Once the trial began, nothing prevented a partisan Senate from proceeding with a limited factual record, or ignoring late-breaking information that might damage the president’s case. If the goal was to design a process that would expose the truth about presidential misdeeds, the Framers chose the wrong institution for the job.
When it comes to interpreting law, Congress is most certainly not a court. When judges try to make meaning out of ambiguous constitutional provisions, like “high crimes and misdemeanors,” they use established interpretive methods that rely heavily on text, history, and structure. Congress does not. While courts issue written opinions that produce fixed accounts of binding law and the relevant facts, Congress generates no binding precedents about what constitutes a “high crime and misdemeanor,” and past impeachment proceedings leave an incomplete record of Congress’s factual and legal determinations. While judges and jurors operate under rules that dictate the burden of proof, regulate their contact with the parties, and limit the role of personal biases in their decision making, Congress has no such restrictions.
None of this is a function of politics; it is a function of design.
If there’s one area where constitutional design proved decisive, it was the Framers’ choice to require a two-thirds supermajority vote for a conviction in the Senate.
The Framers’ design choices benefited Donald Trump as soon as his Senate trial got underway. While there was a lot of talk about “impeachment law,” almost none of that law was binding on the senators who made up the judge and jury.
For example, Bowman provides pages and pages of comprehensive historical evidence to show that the term “high crimes and misdemeanors” allows Congress to impeach a president for noncriminal offenses. Yet members of Congress repeatedly insisted that the Constitution requires proof that the president violated a federal criminal statute.
Similarly, while impeachment is widely accepted as a procedure designed to deal with the larger systemic threats presented by a corrupt or disloyal chief executive, the discussion in Congress was dominated by the minutiae of various phone-call transcripts, debates on the capacity of the judicial system to enforce congressional subpoenas, and allegations that the House impeachment was an illegal effort to cancel the results of an election. Direct legal analogies between Trump’s and Nixon’s behavior had little noticeable impact, and the Senate had limited interest in wrestling with how the administration’s actions might present real risks to the integrity of our constitutional system.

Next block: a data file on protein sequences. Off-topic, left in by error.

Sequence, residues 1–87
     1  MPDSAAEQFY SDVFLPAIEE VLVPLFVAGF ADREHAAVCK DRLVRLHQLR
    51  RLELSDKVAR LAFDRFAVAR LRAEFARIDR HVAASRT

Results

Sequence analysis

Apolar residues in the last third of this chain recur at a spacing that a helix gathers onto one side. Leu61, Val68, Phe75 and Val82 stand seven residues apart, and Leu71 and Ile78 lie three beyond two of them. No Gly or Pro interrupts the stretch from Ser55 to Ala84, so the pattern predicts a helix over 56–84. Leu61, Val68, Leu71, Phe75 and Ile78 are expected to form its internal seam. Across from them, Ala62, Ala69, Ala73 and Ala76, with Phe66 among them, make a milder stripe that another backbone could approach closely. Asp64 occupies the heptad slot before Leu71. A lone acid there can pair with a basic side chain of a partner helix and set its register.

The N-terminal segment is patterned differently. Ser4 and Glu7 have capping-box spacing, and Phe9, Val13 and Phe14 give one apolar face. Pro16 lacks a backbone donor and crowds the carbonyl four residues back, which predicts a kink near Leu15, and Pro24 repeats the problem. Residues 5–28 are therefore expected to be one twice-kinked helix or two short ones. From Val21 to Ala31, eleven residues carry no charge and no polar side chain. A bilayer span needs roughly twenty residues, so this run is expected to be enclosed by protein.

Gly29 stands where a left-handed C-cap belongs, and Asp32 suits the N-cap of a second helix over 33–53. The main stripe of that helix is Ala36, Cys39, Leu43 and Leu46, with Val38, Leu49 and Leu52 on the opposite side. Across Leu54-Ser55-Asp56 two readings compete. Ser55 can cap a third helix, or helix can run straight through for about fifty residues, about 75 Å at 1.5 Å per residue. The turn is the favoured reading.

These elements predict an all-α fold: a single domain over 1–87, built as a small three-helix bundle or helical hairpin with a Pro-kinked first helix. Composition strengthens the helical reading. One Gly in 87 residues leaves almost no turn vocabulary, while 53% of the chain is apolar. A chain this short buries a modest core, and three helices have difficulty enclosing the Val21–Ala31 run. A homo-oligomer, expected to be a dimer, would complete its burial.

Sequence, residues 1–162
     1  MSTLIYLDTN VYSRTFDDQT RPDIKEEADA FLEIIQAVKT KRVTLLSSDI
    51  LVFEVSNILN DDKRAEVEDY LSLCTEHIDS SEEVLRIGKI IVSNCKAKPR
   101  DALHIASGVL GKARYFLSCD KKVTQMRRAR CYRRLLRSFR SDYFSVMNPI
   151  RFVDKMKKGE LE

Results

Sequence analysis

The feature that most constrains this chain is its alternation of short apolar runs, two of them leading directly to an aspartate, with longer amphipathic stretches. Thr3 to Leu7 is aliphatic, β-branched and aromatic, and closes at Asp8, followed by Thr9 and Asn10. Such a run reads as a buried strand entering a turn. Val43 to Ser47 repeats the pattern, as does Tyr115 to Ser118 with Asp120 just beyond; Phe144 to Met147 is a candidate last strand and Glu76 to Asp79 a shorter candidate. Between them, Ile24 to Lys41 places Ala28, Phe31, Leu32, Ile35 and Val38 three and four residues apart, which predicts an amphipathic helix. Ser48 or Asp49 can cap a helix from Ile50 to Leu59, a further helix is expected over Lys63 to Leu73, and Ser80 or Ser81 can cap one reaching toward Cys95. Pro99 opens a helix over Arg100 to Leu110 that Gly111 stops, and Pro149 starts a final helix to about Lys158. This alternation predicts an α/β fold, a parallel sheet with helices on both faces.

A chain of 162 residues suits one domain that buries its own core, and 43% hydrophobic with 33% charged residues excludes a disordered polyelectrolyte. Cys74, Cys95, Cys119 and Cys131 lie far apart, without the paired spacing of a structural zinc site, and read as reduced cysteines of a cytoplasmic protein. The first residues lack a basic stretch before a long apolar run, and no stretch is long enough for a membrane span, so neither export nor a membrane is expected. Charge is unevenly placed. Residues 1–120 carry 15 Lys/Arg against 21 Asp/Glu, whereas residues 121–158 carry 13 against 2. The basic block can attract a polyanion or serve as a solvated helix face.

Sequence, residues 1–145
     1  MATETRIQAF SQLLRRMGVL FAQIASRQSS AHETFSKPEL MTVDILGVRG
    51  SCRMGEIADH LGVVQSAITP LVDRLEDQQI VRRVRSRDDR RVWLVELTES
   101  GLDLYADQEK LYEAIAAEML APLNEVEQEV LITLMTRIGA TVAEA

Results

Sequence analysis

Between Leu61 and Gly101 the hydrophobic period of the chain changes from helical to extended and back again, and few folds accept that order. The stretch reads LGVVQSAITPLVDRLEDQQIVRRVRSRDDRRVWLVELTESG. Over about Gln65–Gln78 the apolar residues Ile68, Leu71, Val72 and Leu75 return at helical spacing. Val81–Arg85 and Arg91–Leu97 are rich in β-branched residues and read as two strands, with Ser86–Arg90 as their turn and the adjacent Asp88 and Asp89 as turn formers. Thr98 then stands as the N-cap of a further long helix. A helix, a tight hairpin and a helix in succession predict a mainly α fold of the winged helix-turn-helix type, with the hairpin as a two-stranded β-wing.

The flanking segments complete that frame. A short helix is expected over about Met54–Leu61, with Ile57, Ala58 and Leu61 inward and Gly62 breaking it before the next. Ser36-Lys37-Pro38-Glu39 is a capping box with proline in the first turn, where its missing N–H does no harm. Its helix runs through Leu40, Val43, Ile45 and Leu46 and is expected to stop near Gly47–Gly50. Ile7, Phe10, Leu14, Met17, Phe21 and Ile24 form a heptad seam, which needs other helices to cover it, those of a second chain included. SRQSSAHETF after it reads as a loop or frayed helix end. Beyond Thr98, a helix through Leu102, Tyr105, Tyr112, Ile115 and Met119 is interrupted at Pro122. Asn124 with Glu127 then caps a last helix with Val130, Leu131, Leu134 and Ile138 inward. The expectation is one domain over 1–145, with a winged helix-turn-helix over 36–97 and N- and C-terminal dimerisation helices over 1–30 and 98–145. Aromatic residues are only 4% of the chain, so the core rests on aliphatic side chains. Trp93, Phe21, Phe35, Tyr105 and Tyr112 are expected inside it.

If there’s one area where constitutional design proved decisive, it was the Framers’ choice to require a two-thirds supermajority vote for a conviction in the Senate. With good reason, Bowman describes this rule as “by far the most important component of the entire impeachment structure.” To check against the possibility that Congress would use the Constitution’s indeterminate impeachment standards to settle political scores, the Framers intentionally made it hard to remove a president from office, requiring a broad bipartisan consensus in the Senate for conviction. It should therefore come as no surprise that the three successful presidential impeachments—Johnson, Clinton, and Trump—have all ended in acquittal.
The rules—by design—enable a small fraction of United States senators, representing an even smaller fraction of the American population, to block a good-faith effort to remove a president. These same rules make impeachment a practical impossibility when the president’s political party controls a majority in the Senate. The Trump impeachment was effectively over before it even started.
As the risks of an imperial presidency have grown over the past several decades, the need for an effective impeachment process has never been greater. Since the New Deal, Congress has delegated enormous powers to the executive branch, leaving us with a supercharged presidency capable of things the Framers never could have imagined.
At the same time, partisan polarization and institutional dysfunction have made it almost impossible for Congress to use its legislative and oversight powers to effectively check the president’s actions. Without a credible threat of impeachment from Congress (or a credible threat of investigation or indictment from the Department of Justice), a president with no attachment to democratic norms is free to push at the limits of their power with little fear of the consequences.
If we can’t fix the politics, then maybe it’s time to revisit the design. Imagine an impeachment process where judges and professional prosecutors play a greater role, assisting Congress in the job of gathering facts and interpreting law while adhering to ethical norms that govern the legal profession. Or a process that makes it easier for Congress to remove a president (as parliaments do with prime ministers, through votes of no confidence), which might discourage brazen presidential power grabs and nudge the political center of gravity from the White House back to Congress.
With six months of hindsight, we can easily see how Trump-era politics made the impeachment result inevitable. But when it comes to the Constitution, process drives outcomes just as much as politics. While Mitch McConnell’s fingerprints were all over the trial, the dead hands of the Framers were there as well, guiding the process each and every step of the way.
This article was commissioned by Sharon Marcus.